They set out on their journey, but as they approached the forest gates, Enkidu gave voice to his own misgivings. Nevertheless, the two men advanced upon Humbaba and slew him after a ferocious struggle. They returned to Uruk, where the angry gods sent the Bull of Heaven to punish the two heroes for their act of defiance. Gilgamesh and Enkidu killed the Bull of Heaven, too, and then they spurned the gods while boasting of their own superhuman prowess. (If you know anything at all about epic poetry, then you know that this was not a smart thing to do.)
For this, Enkidu was struck down by the gods. The two men had been as gemini, and Gilgamesh mourned the death of his friend. Fearing his own mortality, he set off on a great quest to find a plant that would make him immortal. He journeyed into the underworld and across the waters of death before he came upon the old man Utnapishtim. The wise Utnapishtim instructed Gilgamesh in the ways of life and death, but with respect to Gilgamesh's quest, he had only this to say: nothing is permanent. He then gave Gilgamesh the plant of everlasting vitality--the plant that he had sought for so long.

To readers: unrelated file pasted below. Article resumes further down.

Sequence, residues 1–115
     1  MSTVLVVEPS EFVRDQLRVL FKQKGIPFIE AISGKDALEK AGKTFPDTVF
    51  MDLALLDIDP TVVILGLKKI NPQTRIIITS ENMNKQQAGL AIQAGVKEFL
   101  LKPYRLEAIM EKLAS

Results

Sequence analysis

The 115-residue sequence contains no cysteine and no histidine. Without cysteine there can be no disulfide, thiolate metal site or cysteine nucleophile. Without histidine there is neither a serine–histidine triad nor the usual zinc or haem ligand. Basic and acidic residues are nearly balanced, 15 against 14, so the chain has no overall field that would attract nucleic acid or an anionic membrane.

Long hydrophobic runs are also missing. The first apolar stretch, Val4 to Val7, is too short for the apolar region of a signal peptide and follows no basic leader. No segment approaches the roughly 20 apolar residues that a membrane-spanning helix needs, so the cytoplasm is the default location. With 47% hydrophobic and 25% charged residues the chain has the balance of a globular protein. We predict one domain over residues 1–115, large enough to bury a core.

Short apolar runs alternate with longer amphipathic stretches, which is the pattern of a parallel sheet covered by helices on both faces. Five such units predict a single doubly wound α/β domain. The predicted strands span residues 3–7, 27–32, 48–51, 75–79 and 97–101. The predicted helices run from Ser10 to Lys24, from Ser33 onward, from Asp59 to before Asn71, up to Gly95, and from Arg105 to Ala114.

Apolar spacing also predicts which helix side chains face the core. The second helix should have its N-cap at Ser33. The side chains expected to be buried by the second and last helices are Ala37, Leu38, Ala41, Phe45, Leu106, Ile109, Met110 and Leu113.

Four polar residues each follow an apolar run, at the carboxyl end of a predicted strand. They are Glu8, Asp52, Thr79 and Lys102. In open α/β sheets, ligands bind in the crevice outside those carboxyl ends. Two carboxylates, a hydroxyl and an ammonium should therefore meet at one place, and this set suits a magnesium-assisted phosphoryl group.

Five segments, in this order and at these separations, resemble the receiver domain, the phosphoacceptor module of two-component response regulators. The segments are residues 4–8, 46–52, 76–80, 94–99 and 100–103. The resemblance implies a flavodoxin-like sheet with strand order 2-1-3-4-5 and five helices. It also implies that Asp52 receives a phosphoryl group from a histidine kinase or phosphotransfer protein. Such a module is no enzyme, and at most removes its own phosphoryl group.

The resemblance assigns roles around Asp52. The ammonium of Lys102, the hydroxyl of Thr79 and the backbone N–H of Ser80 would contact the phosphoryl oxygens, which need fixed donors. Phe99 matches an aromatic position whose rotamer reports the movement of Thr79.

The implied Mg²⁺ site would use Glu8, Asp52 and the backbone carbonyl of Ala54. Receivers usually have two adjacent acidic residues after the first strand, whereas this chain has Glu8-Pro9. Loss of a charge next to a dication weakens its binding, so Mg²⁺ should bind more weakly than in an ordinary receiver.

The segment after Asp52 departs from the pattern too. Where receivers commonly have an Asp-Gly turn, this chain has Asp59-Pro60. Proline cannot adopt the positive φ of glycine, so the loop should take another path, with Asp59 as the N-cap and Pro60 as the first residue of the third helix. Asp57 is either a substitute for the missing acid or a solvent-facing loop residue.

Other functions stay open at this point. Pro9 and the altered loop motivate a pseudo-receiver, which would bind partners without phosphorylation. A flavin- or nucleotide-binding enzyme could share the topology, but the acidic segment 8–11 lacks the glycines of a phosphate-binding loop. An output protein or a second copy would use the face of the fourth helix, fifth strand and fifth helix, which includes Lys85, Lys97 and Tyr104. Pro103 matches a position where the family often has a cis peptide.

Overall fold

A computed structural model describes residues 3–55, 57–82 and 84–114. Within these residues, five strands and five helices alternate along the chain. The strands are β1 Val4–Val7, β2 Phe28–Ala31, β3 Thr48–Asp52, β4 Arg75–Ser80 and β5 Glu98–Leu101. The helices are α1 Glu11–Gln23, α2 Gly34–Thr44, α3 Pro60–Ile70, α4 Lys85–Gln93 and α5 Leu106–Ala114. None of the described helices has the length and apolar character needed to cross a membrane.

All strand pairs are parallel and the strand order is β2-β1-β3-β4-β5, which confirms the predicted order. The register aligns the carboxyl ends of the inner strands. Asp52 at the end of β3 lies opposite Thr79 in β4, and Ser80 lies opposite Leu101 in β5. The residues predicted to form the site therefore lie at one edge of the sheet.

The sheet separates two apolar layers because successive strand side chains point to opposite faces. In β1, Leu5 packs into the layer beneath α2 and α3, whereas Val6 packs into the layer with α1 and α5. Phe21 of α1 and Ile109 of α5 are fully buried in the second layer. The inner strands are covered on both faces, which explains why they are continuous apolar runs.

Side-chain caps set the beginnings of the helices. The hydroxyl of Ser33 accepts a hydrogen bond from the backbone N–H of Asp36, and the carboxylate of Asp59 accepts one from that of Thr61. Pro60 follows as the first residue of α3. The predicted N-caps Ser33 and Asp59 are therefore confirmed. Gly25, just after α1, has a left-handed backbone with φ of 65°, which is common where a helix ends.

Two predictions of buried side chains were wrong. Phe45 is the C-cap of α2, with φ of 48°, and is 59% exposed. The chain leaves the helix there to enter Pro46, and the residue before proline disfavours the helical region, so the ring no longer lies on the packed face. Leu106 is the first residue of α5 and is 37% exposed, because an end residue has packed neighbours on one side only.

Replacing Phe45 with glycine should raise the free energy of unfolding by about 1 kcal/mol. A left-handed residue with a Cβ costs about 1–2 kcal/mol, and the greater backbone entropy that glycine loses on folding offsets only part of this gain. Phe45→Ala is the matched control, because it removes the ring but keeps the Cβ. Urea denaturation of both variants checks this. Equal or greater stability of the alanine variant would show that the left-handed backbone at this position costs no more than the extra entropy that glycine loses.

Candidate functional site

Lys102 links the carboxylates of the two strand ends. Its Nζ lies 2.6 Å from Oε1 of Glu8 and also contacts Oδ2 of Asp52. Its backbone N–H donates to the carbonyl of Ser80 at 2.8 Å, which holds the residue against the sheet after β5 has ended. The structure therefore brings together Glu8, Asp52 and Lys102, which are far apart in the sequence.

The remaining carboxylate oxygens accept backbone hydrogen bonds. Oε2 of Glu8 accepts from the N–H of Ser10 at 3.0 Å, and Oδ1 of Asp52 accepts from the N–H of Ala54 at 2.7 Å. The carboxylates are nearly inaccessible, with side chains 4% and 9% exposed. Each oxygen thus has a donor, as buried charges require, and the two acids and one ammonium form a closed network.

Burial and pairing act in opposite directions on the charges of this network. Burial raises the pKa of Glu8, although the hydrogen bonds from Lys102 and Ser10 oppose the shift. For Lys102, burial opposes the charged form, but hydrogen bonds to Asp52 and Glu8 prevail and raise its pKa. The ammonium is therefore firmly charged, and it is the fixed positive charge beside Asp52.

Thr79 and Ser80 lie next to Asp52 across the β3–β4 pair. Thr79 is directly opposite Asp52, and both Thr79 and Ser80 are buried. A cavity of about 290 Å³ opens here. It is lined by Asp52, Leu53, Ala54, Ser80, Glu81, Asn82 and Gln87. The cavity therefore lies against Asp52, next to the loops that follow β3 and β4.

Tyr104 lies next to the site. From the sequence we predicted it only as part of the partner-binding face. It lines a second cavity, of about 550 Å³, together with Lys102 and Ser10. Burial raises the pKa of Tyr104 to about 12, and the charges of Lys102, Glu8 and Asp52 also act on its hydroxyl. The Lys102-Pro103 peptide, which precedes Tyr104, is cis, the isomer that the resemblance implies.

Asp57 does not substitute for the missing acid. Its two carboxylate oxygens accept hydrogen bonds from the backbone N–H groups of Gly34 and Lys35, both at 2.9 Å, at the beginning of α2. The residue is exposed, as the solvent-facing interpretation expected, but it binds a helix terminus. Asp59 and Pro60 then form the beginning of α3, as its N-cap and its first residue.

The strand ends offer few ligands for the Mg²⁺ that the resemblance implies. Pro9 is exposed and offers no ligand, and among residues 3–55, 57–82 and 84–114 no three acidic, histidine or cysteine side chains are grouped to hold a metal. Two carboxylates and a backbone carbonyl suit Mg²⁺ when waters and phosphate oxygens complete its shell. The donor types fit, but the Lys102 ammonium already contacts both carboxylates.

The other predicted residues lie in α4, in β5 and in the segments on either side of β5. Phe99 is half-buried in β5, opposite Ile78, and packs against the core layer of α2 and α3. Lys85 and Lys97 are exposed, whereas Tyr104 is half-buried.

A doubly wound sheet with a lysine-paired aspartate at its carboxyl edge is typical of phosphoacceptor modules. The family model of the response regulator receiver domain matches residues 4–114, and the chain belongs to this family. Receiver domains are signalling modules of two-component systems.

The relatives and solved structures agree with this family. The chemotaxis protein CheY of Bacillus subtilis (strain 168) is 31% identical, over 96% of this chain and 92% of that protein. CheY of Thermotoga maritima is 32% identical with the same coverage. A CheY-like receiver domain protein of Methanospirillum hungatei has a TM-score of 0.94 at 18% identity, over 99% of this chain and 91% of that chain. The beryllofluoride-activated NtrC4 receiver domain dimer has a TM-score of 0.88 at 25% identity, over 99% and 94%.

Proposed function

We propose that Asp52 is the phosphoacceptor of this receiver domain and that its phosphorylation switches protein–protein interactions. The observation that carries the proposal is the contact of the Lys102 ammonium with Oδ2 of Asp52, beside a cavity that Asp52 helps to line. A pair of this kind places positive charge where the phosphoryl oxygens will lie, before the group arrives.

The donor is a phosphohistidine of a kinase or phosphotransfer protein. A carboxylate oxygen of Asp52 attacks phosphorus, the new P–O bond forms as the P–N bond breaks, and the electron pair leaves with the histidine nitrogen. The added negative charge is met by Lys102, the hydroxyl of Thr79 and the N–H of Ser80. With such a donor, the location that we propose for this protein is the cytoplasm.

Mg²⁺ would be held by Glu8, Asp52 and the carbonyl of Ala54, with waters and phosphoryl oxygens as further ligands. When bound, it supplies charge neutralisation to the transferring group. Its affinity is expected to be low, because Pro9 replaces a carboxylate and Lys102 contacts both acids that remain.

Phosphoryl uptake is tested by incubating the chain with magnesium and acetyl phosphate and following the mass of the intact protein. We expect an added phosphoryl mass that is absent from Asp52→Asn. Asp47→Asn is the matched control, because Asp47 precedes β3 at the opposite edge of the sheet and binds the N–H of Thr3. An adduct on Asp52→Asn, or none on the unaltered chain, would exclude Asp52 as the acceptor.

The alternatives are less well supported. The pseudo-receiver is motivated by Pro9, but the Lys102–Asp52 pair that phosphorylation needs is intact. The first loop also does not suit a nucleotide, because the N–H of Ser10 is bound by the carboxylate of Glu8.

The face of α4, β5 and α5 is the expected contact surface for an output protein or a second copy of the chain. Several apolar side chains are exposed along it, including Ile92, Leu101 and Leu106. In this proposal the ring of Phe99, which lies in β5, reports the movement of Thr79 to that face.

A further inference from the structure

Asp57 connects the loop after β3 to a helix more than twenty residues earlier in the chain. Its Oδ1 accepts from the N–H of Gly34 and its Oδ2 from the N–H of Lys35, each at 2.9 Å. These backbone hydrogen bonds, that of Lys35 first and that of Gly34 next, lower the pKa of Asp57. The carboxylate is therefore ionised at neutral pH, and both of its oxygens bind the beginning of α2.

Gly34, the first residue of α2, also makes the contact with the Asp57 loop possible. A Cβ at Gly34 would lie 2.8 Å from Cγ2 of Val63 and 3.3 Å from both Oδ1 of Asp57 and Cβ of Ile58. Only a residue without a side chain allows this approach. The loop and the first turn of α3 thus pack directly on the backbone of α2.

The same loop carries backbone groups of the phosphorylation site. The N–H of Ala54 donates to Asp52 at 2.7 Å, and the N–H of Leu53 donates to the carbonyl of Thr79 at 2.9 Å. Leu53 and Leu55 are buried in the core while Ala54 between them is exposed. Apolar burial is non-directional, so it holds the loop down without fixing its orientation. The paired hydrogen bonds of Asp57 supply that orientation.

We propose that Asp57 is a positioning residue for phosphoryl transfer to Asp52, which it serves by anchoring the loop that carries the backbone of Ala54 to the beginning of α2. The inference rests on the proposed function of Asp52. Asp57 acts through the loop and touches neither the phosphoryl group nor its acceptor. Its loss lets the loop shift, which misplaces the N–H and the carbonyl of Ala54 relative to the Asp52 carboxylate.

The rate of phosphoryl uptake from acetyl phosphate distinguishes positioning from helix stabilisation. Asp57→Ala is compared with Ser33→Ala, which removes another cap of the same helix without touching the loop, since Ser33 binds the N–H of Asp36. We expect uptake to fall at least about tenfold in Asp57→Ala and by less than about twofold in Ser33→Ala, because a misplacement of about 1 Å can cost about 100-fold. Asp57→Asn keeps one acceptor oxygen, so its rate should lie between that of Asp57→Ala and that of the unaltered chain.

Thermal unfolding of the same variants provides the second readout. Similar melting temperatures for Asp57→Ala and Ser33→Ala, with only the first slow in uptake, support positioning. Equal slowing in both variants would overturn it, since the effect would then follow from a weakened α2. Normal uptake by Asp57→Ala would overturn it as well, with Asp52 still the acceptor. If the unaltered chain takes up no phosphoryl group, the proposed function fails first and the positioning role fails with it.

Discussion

Gilgamesh set the plant on the shore of a crystal clear lake so that he could take a swim. As he swam, a snake emerged from the water, wrapped its body around the plant, and made off with it. Gilgamesh was forced to return to Uruk in failure.
That's right. This most ancient of stories has a sad ending--one of the saddest ever written, in fact. When, pray tell, was the last time you played a game with a sad ending?
In his recent Game Developers Conference keynote address, Nintendo's president, Satoru Iwata, noted that the main thing gamers are looking for when they play games is a sense of accomplishment. Most gamers wish to be rewarded for their efforts in a simple and expedient manner, like dogs that successfully perform a set task. I do not disagree with Iwata-san; I think his assessment of the current state of affairs is accurate. However, I also believe that the ubiquitous notion of "reward" that has taken hold of the industry is far too narrow. It's about time we gamers realized that there are other types of reward to be had than triumphing over one's digital enemies for the hundredth time.